This is not to say that these principles have absolutely no content, especially in the case of Thomas. And as I’ve said before, even the sporadic commitment of Scalia and Thomas to “originalism” is preferable to Alito, who is similarly reactionary without much of an overaching grand theory. But the idea that “originalists” are engaged in entirely non-political or non-“outcome-oriented” judging is obviously untenable.
It is definitely true, of course, that talking about how the war is awful while you continue to give the Bush administration everything it wants is much, much worse than just uncritically supporting the war. The effect is precisely the same, but the latter at least could theoretically be idiocy undertaken in good faith while the former position wants to add some unjustified self-congratulatory moral preening on top of their de facto support of the war. Lugar deserves less than no credit.
Today’s “Bong Hits 4 Jesus” case actually turns on relatively narrow grounds. The problem with Roberts’ opinion is that it turns on a claim that punishing the student was justified because the banner was seriously advocating drug use. As Stevens points out, though, this isn’t very plausible:
I would hold, however, that the school’s interest in protecting its students from exposure to speech “reasonably regarded as promoting illegal drug use,” cannot justify disciplining Frederick for his attempt to make an ambiguous statement to a television audience simply because it contained an oblique reference to drugs. The First Amendment demands more, indeed, much more.
… I take the Court’s point that the message on Frederick’s banner is not necessarily protected speech, even though it unquestionably would have been had the banner been unfurled elsewhere. As to the second, I am willing to assume that the Court is correct that the pressing need to deter drug use supports JDHS’s rule prohibiting willful conduct that expressly “advocates the use of substances that are illegal to minors.” But it is a gross non sequitur to draw from these two unremarkable propositions the remarkable conclusion that the school may suppress student speech that was never meant to persuade anyone to do anything.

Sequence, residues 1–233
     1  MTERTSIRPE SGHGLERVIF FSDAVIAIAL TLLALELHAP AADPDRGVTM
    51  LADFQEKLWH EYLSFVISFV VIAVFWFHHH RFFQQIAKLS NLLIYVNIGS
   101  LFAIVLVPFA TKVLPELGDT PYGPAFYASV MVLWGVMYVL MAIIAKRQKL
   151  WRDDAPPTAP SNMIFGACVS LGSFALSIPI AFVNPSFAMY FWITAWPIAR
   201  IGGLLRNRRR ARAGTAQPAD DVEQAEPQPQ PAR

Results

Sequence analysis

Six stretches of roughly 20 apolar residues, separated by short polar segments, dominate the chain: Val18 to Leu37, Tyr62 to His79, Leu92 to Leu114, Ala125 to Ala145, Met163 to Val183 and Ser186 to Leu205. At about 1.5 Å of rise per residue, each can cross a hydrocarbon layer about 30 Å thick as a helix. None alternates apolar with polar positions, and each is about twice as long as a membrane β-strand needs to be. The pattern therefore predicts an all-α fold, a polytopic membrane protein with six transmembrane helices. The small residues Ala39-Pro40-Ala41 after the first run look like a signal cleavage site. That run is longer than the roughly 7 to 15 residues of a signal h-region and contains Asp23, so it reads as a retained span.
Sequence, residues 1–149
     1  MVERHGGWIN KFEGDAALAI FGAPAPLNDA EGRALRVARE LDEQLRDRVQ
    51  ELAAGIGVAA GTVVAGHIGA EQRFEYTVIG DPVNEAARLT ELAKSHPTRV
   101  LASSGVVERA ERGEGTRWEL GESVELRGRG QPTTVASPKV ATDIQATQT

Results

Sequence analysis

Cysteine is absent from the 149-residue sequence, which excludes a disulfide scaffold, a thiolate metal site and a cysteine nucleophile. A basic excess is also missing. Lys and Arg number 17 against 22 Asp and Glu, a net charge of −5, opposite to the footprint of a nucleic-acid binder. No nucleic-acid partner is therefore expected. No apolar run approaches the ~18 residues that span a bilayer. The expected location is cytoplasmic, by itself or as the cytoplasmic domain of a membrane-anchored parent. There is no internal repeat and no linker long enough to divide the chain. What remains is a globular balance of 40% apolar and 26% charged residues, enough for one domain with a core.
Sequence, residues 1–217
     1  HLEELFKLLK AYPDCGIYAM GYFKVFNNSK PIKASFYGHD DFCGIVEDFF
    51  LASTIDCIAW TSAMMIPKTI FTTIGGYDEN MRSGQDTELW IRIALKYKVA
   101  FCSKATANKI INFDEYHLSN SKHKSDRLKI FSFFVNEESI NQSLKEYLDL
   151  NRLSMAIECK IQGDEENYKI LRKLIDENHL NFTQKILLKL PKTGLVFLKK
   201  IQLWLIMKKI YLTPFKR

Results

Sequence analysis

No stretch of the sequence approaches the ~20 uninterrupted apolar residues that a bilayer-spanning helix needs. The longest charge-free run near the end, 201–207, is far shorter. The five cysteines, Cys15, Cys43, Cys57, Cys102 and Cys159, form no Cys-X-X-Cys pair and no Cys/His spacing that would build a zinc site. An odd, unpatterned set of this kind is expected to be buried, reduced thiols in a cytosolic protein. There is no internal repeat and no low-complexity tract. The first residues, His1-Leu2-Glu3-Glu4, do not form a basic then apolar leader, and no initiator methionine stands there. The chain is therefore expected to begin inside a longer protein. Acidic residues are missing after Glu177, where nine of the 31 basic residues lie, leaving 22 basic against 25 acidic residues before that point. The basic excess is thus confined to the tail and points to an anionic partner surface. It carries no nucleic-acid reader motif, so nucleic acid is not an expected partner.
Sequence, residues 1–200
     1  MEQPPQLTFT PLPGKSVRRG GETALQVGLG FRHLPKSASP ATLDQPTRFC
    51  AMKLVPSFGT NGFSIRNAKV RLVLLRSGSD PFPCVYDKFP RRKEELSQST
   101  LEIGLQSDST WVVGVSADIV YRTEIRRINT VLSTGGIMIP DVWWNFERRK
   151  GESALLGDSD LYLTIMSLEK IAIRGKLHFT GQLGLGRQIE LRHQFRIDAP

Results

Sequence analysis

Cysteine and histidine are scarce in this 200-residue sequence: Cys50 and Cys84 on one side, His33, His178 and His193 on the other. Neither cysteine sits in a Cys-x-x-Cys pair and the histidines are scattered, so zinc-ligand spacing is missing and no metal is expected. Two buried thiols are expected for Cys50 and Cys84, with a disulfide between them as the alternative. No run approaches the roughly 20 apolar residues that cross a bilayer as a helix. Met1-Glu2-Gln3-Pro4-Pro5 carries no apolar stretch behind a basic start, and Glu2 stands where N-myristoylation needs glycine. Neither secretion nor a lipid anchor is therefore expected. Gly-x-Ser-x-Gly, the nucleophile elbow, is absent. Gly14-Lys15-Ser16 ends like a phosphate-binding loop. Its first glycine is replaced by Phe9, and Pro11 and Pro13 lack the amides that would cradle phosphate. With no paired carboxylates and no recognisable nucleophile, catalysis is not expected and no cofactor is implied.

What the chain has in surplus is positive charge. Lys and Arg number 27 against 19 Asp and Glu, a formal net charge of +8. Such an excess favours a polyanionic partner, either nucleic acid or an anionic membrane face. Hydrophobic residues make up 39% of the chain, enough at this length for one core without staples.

In this case, however, I am happy about Alito and Kennedy concurring to narrow the scope of the opinion, emphasizing that Tinker is being upheld and that “it provides no support for any restriction of speech that can plausibly be interpreted as commenting on any political or social issue.” I still find the application to be puzzling–couldn’t a principal, under this standard, “reasonably” conclude that a “legalaize drugs now!” poster “promotes” drug use?–but in this case better it be a misapplication of an acceptable principle.
Thomas, meanwhile (and, interestingly, without a join from Scalia) wrote a concurrence arguing that the landmark student speech case Tinker v. Des Moines should be overturned and schools be given the essentially unlimited power to censor student speech on (plausible, it must be said) originalist grounds. Oddly, however, in joining Scalia’s concurrence in another case today arguing that virtually all campaign finance laws are unconstitutional, neither of the Court’s two “originalists” managed as far as I can tell to muster a shred of evidence that the First Amendment was understood in 1791 as creating an absolute prohibition on the regulation of campaign spending and donation. Nor did Thomas’s dissent in McConnell contain a historical analysis of the original understanding of the First Amendment, although it does cite any number of libertarian 20th century precedents that would seem erroneous under a strictly originalist standard. Hmm, and the ability of wealthy people and corporations to give and spend money for political purposes is enormously important to the modern Republican Party and protecting the free speech of students who if you squint really hard can be vaguely construed as encouraging drug use is not. What an amazing coinky-dink!